Second, in the lore of The Country Club, Nicklaus’ 9-iron may stand as a testament that the 12th is perhaps – despite all five senses telling you otherwise – not downhill. This is despite a topography that is clearly downhill and that, according to Hanse Golf Course Design, measures as a 30-foot drop. But, hey, if it was 125 to the middle, and Jack Nicklaus hit his 125 club to the middle, then, guess what, it’s 125 to the middle. This is why, to this day, the local caddies tell you to play it level.
Lastly, and most importantly, isn’t it wonderful how a wee little par-3 can make even the most powerful players feel so utterly small?
For both of them and for us, there’s such an emotional tangle that comes with lining up over what seems like the simplest shot into a short par-3. The green is right there. So close you can touch it. The number on the card sounds so attainable, so comically simple. 110? 120? It’s maybe the only full shot in golf that both the pro and the high-handicapper anticipates with a degree of glee. The mind wanders. Man, an ace would be cool. Just an easy swing, that’s all it takes. But then you’re over the ball, you glance upon that green, and something changes, like a pitcher trying to hit a shrinking strike zone. Wait, was that a gust of wind?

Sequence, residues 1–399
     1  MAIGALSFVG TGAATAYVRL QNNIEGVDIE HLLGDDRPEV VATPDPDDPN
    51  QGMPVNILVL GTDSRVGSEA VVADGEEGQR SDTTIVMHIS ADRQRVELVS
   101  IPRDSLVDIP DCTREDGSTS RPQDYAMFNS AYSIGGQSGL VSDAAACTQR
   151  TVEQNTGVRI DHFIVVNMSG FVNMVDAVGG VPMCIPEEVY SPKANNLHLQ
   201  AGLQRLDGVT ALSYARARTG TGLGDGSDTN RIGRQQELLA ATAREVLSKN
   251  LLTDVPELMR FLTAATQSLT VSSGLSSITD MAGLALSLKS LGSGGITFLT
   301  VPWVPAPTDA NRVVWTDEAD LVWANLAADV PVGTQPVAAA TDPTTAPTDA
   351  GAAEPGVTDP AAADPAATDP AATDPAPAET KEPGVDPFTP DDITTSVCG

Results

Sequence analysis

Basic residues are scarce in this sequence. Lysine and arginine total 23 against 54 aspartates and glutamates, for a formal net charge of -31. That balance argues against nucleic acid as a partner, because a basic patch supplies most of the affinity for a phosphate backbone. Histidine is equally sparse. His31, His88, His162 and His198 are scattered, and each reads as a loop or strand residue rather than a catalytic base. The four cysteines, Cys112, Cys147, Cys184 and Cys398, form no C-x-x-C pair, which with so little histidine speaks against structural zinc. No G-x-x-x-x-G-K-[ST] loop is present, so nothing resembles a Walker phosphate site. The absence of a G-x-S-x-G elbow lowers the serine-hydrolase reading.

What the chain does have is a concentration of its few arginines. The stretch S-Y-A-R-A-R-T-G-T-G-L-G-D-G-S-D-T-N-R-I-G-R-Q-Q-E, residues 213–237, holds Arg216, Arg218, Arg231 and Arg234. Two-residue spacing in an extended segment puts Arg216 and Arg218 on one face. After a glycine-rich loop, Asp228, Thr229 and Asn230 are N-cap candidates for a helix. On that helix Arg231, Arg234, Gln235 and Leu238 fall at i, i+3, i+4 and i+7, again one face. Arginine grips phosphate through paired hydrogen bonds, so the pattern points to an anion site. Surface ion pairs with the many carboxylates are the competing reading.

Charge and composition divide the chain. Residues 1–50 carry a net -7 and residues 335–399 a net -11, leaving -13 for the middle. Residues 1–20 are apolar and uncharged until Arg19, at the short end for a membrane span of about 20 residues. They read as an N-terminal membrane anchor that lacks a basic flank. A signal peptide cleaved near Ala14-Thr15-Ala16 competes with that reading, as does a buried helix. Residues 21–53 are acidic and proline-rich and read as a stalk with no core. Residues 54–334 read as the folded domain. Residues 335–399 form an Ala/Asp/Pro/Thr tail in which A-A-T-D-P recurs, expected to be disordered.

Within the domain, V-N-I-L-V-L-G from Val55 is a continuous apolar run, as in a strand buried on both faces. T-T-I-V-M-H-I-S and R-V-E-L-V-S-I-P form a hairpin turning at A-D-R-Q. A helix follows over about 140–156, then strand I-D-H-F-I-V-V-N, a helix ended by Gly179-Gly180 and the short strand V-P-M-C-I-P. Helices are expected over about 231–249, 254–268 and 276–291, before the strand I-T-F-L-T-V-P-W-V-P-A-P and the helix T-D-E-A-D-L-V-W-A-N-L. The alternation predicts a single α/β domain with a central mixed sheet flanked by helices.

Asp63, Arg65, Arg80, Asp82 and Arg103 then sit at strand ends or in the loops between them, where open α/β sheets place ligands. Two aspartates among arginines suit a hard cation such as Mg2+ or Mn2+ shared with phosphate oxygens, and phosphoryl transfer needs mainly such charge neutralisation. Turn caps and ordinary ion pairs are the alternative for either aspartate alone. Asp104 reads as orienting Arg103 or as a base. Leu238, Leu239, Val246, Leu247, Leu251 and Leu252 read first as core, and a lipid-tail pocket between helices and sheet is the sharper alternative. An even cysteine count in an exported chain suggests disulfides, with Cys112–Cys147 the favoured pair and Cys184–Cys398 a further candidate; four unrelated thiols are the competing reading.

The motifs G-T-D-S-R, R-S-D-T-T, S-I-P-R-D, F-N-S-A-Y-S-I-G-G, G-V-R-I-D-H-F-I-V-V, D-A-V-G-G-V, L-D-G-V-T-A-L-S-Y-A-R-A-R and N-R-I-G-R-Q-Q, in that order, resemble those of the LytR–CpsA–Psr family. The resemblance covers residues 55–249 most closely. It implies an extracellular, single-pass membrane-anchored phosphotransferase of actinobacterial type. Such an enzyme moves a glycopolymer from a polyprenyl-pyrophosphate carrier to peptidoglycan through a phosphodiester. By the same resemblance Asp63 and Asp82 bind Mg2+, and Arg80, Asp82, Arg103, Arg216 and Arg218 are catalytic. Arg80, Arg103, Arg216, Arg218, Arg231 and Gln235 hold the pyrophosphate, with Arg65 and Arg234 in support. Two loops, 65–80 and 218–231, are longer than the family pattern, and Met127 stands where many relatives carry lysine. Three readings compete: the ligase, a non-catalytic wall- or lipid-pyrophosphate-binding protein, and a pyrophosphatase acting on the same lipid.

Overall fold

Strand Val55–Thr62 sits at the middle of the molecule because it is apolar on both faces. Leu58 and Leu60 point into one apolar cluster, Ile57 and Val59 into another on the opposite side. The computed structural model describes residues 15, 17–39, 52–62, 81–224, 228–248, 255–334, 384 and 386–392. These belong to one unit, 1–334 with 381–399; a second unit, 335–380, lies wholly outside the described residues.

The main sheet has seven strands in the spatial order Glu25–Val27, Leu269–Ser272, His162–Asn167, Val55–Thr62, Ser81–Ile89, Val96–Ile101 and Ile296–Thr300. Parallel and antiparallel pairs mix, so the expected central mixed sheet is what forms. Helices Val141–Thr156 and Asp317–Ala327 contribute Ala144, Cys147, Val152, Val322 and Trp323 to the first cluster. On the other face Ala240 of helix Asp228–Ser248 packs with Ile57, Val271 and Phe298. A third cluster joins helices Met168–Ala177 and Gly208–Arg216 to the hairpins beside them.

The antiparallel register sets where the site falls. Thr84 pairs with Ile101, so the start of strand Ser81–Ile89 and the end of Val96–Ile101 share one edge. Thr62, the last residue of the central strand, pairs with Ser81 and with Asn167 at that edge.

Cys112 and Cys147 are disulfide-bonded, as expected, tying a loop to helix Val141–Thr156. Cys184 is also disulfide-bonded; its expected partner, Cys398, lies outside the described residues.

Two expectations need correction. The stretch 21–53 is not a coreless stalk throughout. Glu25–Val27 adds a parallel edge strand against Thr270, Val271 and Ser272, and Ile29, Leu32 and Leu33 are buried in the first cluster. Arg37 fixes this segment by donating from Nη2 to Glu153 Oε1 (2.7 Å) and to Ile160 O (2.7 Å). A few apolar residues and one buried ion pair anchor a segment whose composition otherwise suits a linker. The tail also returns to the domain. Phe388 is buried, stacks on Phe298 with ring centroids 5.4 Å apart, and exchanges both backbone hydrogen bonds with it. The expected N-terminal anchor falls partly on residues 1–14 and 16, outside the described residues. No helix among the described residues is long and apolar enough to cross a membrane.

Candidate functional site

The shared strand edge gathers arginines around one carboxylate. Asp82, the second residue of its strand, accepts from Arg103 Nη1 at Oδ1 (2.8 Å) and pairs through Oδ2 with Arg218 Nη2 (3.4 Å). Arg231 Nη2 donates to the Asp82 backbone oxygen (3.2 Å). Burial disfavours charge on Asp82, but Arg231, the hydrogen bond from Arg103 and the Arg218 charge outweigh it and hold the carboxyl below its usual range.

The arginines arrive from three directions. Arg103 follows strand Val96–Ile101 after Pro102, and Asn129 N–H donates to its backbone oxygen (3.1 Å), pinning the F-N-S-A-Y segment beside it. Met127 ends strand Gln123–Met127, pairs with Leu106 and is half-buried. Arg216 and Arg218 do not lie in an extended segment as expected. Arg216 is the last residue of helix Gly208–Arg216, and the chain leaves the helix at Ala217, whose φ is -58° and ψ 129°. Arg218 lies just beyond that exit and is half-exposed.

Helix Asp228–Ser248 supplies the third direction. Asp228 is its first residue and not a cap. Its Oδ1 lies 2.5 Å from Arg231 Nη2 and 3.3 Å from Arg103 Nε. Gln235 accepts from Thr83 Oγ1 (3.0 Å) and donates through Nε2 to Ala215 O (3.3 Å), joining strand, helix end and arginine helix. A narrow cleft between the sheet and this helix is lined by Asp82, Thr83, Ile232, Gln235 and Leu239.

Not so easy anymore, is it?
Inevitably you pull one left or fan one right; pound one long or leave it short. You’re left with an annoying chip or some long, winding lag. Maybe you scramble for a par or leave with a bogey. Maybe worse. You stuff your putter back in the bag. How the hell did that happen? Now you’re onto the next tee with the empty feeling of a missed opportunity. You were goaded into over-thinking, over-aiming and under-performing.
Members of the media were invited to play Brookline on Monday and, clearly, I made my way to Boston to do so. (Folks, that’s not a summons you ignore.) My group arrived at this dainty little par-3 around mid-afternoon, under a canopy of heavy clouds. This – what seemsingly worth to a pitch-and-putt – was a welcomed relief after being kicked around by long par-4s and guarded par-5s. The pin sat nestled front left. “One-twelve to the hole. Into it, ”my caddy said of the yardage and the wind. In my bag, that’s a 52-degree wedge. I addressed the ball, leaned my weight into my heels, straightened my back. No problem, I thought. Smooth swing, man.
Something about those short par-3s, though, you know? There’s no reason to swing hard or swing fast. None. None at all. Yet, somewhere between my back swing and my down swing, I decided, “Shit, not enough club,” and torqued things a notch. A little harder, a little stronger. Of course, I jacked it long, landing back-left, a pace or two off the green, into the thick stuff that bunts up against the dance floor. I looked at the club, as if it deceived me. A chip and two putts later, I left with a bogey, feeling like an asshole.
That’s why these holes are great. There’s something wonderful about the mental rope-a-dope of a short par-3. Proof that nothing is as easy as it looks.
The problem is, for the last century, the 12th at Brookline was one of three holes from The Country Club’s main course excluded in the championship routing. The general public didn’t even know it was there. Players would take an extended walk from the eighth green to the ninth tee, having no clue what was beside them, asking to play.